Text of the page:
Congress’ $900 billion coronavirus aid package, passed last month, includes $1.3 billion in loan forgiveness for Historically Black Colleges and Universities (HBCUs) that borrowed money through the HBCU Capital Financing Program.

“The forgiving of this saddling debt on HBCUs is nothing short of transformational,” said United Negro College Fund President Michael Lomax. “Congress can now add itself to the likes of [those] who have donated considerable resources to HBCUs to make life better for those who are the most deserving and know the impact of racial inequity in our country.”

HBCU Capital Financing Program

The bulk of the HBCUs’ debts stem from loans they acquired through the HBCU Capital Financing Program. Established as a means to help repair and renovate these institutions, the program in “exceptional circumstances” allowed these schools to take out loans for infrastructure development.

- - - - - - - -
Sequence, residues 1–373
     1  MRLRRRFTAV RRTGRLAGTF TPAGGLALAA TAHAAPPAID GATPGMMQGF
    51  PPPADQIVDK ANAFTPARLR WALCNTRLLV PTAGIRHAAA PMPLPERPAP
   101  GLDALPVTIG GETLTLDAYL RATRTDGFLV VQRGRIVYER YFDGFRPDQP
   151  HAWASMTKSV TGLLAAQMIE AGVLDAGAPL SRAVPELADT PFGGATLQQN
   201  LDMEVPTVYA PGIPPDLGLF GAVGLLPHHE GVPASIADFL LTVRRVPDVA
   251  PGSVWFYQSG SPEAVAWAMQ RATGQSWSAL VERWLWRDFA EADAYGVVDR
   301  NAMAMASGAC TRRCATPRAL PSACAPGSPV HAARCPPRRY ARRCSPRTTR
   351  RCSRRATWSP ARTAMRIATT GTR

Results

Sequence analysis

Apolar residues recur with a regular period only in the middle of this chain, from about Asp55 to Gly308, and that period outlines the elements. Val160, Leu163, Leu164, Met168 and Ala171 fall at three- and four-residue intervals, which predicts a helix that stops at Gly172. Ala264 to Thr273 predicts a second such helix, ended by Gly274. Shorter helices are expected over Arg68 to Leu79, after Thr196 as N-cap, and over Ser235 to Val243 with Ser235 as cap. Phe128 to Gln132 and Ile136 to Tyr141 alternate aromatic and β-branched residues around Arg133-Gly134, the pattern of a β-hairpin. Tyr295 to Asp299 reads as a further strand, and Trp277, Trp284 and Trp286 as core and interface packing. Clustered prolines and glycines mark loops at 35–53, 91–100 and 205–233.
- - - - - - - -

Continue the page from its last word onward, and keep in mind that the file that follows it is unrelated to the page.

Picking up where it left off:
This helped HCBUs construct libraries as well as dormitories and on-campus housing for students. However, the money borrowed over the years piled up, leading to millions of dollars in debt per institution.

Clear Impacts

Institutions around the country are starting to feel the impact of the relief bill.

Wilberforce University, one of the first private HBCUs in the country, will be able to pay off their $25 million loan and finally be on the track for financial stability.

Institutions such as Bennett College and Shaw University will be on the receiving end of the debt relief as well, allowing them to invest their resources in growth and development for their respective communities.